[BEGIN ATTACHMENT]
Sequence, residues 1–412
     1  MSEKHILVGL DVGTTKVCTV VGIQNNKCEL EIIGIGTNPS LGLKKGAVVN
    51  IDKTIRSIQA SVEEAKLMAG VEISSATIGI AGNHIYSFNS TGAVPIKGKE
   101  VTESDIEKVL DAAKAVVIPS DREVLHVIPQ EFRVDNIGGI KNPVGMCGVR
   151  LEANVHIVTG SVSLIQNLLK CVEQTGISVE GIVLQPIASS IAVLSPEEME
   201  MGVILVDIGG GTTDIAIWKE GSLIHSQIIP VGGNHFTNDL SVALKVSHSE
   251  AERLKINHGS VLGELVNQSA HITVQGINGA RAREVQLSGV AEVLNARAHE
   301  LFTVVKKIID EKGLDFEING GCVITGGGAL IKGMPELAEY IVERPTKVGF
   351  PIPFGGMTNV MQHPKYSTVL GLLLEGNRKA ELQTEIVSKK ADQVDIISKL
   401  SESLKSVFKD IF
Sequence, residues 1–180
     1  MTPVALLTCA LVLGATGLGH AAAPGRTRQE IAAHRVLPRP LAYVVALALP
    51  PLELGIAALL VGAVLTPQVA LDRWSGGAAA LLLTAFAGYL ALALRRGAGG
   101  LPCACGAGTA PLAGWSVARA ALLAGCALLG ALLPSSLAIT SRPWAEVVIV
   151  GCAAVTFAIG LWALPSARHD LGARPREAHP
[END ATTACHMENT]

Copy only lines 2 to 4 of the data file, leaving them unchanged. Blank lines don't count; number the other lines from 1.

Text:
     1  MSEKHILVGL DVGTTKVCTV VGIQNNKCEL EIIGIGTNPS LGLKKGAVVN
    51  IDKTIRSIQA SVEEAKLMAG VEISSATIGI AGNHIYSFNS TGAVPIKGKE
   101  VTESDIEKVL DAAKAVVIPS DREVLHVIPQ EFRVDNIGGI KNPVGMCGVR